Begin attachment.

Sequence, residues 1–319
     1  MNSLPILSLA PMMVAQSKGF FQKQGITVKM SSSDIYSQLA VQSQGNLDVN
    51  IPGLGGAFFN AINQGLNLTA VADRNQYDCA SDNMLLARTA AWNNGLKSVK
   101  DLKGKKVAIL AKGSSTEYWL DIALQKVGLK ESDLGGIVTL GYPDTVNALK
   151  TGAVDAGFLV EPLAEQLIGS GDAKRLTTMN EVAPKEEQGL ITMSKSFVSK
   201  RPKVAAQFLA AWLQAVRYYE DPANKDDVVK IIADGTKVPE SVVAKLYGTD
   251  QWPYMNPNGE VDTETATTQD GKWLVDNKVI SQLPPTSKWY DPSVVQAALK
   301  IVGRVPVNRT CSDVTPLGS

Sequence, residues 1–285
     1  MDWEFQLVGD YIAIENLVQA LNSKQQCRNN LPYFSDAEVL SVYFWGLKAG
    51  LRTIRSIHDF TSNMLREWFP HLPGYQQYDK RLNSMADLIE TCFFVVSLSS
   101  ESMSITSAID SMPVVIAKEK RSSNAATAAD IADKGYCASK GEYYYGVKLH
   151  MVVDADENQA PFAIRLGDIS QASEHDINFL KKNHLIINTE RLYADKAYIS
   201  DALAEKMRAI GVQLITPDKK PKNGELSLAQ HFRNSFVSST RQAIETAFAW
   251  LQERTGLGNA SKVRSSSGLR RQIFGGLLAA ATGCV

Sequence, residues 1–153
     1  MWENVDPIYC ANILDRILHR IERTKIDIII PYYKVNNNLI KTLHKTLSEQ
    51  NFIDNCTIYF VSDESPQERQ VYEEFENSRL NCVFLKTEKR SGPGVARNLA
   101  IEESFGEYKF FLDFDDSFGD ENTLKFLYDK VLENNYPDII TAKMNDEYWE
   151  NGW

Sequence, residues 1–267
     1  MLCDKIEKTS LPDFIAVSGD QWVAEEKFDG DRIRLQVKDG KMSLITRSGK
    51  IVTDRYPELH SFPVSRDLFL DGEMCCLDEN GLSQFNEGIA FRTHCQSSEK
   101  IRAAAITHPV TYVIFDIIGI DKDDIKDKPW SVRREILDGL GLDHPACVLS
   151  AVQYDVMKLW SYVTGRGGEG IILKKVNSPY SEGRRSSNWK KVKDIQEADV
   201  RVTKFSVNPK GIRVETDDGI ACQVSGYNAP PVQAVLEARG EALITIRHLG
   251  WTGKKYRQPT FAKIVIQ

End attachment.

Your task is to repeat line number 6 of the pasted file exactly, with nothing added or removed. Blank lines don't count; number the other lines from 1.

   201  RPKVAAQFLA AWLQAVRYYE DPANKDDVVK IIADGTKVPE SVVAKLYGTD